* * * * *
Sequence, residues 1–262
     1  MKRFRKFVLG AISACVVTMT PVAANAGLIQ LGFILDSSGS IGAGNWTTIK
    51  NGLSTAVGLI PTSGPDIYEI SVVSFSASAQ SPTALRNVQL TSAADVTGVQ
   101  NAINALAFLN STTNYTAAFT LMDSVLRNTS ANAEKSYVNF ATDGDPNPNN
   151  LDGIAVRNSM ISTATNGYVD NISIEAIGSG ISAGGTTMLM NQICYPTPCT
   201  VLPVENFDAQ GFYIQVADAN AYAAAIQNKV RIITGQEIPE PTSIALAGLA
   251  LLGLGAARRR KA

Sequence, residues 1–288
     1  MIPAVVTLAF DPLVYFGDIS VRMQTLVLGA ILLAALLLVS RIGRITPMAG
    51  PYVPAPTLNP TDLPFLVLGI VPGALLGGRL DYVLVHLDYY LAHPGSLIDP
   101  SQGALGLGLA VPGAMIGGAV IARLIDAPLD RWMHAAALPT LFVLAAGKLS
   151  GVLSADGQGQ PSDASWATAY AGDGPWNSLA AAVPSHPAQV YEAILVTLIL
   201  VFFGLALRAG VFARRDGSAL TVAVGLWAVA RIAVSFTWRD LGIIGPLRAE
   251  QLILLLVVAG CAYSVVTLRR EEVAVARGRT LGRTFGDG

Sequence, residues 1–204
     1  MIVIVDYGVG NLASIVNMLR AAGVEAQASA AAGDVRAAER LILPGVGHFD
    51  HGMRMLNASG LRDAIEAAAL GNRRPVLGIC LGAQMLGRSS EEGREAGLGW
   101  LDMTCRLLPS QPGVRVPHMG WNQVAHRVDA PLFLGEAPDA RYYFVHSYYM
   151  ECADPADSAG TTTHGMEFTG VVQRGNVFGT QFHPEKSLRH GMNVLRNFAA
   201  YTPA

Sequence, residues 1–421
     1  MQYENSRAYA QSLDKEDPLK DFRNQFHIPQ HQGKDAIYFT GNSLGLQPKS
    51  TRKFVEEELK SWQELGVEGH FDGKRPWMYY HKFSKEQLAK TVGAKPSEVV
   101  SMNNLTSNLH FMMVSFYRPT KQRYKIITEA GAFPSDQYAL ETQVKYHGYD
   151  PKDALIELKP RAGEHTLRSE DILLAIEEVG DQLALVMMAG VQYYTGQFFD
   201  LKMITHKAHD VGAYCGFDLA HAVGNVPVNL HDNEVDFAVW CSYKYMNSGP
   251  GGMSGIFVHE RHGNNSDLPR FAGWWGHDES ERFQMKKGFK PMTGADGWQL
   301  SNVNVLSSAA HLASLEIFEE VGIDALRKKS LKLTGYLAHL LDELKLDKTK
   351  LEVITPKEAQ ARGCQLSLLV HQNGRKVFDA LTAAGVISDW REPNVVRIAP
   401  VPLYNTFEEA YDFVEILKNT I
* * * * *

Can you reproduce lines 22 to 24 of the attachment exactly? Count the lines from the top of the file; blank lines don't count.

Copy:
     1  MQYENSRAYA QSLDKEDPLK DFRNQFHIPQ HQGKDAIYFT GNSLGLQPKS
    51  TRKFVEEELK SWQELGVEGH FDGKRPWMYY HKFSKEQLAK TVGAKPSEVV
   101  SMNNLTSNLH FMMVSFYRPT KQRYKIITEA GAFPSDQYAL ETQVKYHGYD